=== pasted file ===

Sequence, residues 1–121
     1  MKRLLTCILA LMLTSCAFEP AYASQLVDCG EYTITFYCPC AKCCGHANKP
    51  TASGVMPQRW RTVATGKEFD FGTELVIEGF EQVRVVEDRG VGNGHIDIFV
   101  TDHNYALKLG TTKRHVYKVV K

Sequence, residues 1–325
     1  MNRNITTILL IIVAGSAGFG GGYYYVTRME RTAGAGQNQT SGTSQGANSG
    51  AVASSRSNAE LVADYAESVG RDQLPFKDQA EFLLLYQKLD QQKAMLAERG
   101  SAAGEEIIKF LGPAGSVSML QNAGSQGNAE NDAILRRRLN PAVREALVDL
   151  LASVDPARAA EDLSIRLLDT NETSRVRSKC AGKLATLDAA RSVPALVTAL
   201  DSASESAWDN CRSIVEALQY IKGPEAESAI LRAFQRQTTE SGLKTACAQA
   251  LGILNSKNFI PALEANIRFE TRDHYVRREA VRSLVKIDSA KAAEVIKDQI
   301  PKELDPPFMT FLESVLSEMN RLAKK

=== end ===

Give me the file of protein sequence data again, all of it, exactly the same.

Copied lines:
Sequence, residues 1–121
     1  MKRLLTCILA LMLTSCAFEP AYASQLVDCG EYTITFYCPC AKCCGHANKP
    51  TASGVMPQRW RTVATGKEFD FGTELVIEGF EQVRVVEDRG VGNGHIDIFV
   101  TDHNYALKLG TTKRHVYKVV K

Sequence, residues 1–325
     1  MNRNITTILL IIVAGSAGFG GGYYYVTRME RTAGAGQNQT SGTSQGANSG
    51  AVASSRSNAE LVADYAESVG RDQLPFKDQA EFLLLYQKLD QQKAMLAERG
   101  SAAGEEIIKF LGPAGSVSML QNAGSQGNAE NDAILRRRLN PAVREALVDL
   151  LASVDPARAA EDLSIRLLDT NETSRVRSKC AGKLATLDAA RSVPALVTAL
   201  DSASESAWDN CRSIVEALQY IKGPEAESAI LRAFQRQTTE SGLKTACAQA
   251  LGILNSKNFI PALEANIRFE TRDHYVRREA VRSLVKIDSA KAAEVIKDQI
   301  PKELDPPFMT FLESVLSEMN RLAKK